number of samples to be removed at certain intervals, reducing all signals to the same
number of samples contained in the shorter of the two signals, and thus retaining the
original forms [16].


9.1.5. Amplitude normalization
The EMG signal varies greatly upon comparison with recordings from the same individual or
different individuals. The absolute value of the EMG signal thus provides little information,
especially when dealing with signals from different individuals or the same individual at
different times. One way to compensate for this limitation is to normaliz EMG amplitude
curves. This technique consists of transforming the absolute amplitude values of the different
curves to be compared into values relative to a reference EMG taken as 100% [4, 7, 15].


9.1.6. Integral of the EMG signal
The mathematical interpretation of the integral concept consists of determining the area
enclosed by curve, whether an EMG or any other signal. In the case of the EMG, so that the
result of integration is not zero, a rectified signal must be used. By integrating the EMG
signal, a result that is proportional to the number of electrical impulses is obtained [3].
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     9.1.7. Filtering of the rectified signal
     The signals collected in real time in the original format are stored in files. After this phase
     certain mathematical processes are applied. The purpose of this processing is to make
     correction, i.e., to transform negative signals into positive signals. This is necessary to allow
     averaging of the analyzed signal, since if such correction is not performed, the average of
     the signals will be near zero. This is because the negative and positive are symmetrical. In
     the post-rectification, a 5 Hz low-pass filter can be run in order to have a signal wrap. The
     lower the value of this filter, the smoother the curve will be [27, 28].




     Figure 9. A) original signal interference. B) rectified original signal [3].
                          Application of Surface Electromyography in the Dynamics of Human Movement 405


9.2. Processing the frequency domain – Spectral analysis
The EMG signal’s frequencies are distributed between 1 and 500 Hz, with a great
concentration between 20 and 250 Hz in the case of simple muscular activity. The
distribution of energy at different frequencies (power spectral density) reflects the
predominance of the low or high frequency components in the signal and has been used in
kinesiological research. Factors that influence the spectral profile of the EMG signal have
been listed by various authors.

EMG can be considered an overlapping of the action potentials of all the active motor units.
The spectrum of EMG frequencies thus contains information about the characteristics of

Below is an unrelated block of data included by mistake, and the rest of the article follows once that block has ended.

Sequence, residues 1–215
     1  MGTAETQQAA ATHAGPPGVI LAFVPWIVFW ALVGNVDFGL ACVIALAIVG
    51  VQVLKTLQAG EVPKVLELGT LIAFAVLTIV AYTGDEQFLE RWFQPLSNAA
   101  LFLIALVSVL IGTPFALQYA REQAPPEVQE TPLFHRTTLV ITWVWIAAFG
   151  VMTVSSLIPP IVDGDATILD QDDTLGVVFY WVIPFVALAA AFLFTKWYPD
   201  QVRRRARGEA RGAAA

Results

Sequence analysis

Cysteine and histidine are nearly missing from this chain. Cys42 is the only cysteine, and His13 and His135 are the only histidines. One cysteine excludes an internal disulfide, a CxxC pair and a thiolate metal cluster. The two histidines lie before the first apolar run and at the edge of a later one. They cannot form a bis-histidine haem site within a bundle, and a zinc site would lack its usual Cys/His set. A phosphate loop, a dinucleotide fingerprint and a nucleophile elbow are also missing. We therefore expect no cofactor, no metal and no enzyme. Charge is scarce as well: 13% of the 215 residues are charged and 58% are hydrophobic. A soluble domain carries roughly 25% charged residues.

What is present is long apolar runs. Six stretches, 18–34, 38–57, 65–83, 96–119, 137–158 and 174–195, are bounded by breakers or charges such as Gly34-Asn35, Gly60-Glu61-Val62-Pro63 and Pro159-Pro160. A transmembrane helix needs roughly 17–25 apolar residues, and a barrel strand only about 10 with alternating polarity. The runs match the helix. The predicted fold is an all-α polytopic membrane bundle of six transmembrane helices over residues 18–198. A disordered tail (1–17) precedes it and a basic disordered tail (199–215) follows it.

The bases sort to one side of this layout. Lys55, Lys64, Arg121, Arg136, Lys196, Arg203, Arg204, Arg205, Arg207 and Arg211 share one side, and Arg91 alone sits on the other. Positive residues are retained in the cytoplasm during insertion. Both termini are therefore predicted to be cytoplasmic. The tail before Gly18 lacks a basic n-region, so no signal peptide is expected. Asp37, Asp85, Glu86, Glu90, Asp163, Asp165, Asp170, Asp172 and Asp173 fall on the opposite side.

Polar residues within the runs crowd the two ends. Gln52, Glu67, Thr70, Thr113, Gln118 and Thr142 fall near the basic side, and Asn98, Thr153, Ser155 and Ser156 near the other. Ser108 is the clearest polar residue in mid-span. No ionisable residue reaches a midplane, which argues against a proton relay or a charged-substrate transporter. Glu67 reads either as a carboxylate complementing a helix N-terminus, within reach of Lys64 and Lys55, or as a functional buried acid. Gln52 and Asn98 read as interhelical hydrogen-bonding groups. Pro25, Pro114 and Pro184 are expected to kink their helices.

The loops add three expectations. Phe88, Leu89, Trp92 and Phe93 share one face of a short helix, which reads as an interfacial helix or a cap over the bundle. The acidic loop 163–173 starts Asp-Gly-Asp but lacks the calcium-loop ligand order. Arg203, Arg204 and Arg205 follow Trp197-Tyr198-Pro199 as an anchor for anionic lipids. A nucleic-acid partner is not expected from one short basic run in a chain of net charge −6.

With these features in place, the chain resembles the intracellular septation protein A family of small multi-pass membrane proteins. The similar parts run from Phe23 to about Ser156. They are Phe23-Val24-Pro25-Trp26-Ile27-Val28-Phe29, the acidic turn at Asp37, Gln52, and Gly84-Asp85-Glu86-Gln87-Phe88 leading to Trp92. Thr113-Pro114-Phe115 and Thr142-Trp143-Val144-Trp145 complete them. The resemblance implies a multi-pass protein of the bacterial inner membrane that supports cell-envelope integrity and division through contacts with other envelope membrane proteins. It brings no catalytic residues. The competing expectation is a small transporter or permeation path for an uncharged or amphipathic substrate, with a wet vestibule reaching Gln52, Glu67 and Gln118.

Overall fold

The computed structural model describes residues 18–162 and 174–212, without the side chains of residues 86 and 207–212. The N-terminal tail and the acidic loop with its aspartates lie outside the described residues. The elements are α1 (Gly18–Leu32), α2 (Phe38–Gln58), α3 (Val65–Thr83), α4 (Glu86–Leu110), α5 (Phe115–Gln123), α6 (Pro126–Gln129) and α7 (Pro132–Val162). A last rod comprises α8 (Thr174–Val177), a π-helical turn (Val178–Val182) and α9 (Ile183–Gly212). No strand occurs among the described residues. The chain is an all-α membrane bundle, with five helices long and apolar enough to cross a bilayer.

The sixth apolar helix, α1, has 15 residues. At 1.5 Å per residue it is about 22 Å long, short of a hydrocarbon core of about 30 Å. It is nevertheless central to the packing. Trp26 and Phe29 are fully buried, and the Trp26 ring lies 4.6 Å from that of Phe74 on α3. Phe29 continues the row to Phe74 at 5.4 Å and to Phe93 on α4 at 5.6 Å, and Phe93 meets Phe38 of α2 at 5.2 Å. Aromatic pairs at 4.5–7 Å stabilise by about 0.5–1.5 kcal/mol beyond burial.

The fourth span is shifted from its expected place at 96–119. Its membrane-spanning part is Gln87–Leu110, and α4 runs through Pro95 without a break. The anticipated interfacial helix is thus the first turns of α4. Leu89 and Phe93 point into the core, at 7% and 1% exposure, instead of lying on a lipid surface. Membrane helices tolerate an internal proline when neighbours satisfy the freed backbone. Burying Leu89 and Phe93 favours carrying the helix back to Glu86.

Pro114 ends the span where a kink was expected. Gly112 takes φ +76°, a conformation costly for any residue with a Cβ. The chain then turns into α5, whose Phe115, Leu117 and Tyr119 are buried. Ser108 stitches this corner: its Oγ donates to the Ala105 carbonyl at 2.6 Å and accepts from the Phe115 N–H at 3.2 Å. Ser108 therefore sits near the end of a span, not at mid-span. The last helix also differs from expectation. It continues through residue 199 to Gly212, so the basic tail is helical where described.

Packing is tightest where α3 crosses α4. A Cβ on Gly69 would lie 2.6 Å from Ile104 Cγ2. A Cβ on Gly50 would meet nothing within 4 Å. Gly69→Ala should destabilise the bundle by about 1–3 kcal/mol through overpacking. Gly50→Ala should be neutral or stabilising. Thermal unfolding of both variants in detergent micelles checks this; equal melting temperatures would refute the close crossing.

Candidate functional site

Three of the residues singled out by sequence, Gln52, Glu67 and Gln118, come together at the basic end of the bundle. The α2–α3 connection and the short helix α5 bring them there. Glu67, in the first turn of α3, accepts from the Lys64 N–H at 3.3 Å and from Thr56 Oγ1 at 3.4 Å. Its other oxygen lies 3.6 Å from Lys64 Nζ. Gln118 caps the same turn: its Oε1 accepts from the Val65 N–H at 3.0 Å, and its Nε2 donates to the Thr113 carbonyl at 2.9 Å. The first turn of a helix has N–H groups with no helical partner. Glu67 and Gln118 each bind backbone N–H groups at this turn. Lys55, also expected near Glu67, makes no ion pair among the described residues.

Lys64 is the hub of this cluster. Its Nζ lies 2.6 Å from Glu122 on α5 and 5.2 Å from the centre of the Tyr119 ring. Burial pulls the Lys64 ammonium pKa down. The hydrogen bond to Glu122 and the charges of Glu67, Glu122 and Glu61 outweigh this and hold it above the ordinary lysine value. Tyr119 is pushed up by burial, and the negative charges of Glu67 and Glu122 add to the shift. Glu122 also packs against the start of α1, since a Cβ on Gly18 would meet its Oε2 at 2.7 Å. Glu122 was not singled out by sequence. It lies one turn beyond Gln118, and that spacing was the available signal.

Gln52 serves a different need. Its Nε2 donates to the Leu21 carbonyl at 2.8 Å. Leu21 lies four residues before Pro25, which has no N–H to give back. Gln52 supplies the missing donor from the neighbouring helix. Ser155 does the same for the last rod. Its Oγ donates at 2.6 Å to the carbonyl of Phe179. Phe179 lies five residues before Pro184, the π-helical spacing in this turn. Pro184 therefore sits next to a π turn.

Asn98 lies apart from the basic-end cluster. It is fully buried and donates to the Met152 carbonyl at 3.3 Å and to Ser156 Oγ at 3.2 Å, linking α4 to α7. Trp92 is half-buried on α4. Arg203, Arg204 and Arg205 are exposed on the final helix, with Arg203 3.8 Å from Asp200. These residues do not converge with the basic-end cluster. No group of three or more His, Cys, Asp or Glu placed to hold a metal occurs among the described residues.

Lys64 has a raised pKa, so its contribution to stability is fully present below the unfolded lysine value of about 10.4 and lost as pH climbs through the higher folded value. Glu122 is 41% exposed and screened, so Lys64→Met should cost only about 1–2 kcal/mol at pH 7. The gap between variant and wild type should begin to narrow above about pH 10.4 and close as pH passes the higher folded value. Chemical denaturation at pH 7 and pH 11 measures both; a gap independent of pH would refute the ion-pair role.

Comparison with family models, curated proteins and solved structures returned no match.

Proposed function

different fibers that contribute to the signal. Spectral analysis can provide information about
the mean duration of the active fiber potentials, which in turn can be used to determine the
mean velocity of muscle fiber conduction [3,4].


10. Conclusion
For dynamic sampling, active electrodes (with preamps) are less susceptible to artifacts or
ambient noise, which can be observed when comparing them with signals collected during
isometric contractions in volunteers with dysfunctions.

EMG signals are affected by the anatomical and physiological properties of muscles, the
peripheral nervous system and the instrumentation used to collect the signal. Thus it is
important to understand basic muscle functions to correctly record EMG signals [12].

It can be said that signal processing begins, indirectly, as soon as the electrodes are placed.
Electrode placement involves several factors that are decisive for the level and purity of the
EMG signal to be collected, including: cleaning the skin, the amount and temperature of the
conductive gel, the position of the electrodes and the signal-to-noise ratio, which expresses
the balance between the energy of the signal generated during muscle contraction and the
energy of noise from various undesirable sources [27].

Therefore, sEMG can be recommended as a tool for analyzing and interpreting electrical
signals emanated during muscular contractions in both normal and pathological situations
and can be applied in the study of motor function and functional rehabilitation [4].


11. Future directions
Studies in the field of signal processing, especially, surface electromyography signals, have
been widely used for understanding the dynamic motions by the fact that most human
movements happening dynamically. Thus, processing in the field of time and frequency
should be increasingly directed to this specificity.

Understanding the phenomena of depolarization of motor units, future research should be
related to the physiological, mechanophysiological and functional human movement.
    Computational Intelligence in Electromyography Analysis –
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     Applications in the area of functional biomechanics, ergonomics, rehabilitation, sports and
     physical activity must be analyzed dynamically so that the signal processing, fairly
     represent the specific characteristics of human movement-environment relationship. Thus,
     these factors provide parameters for understanding the non-stationary signals, the variation
     components of the muscle fiber in relation to the positioning of the electrodes and in the
     bioelectrical conductivity.


     Author details
     César Ferreira Amorim
     University of City of São Paulo- UNICID, São Paulo - SP, Brazil

     Runer Augusto Marson
     Laboratory of Biomechanics, Brazilian Army Physical Capacitation Research Institute, Rio de Janeiro,
     Brazil
     Laboratory of Biomechanics and Kinesiology, Sport Center, Federal University of Ouro Preto, Minas
     Gerais, Brazil


     12. References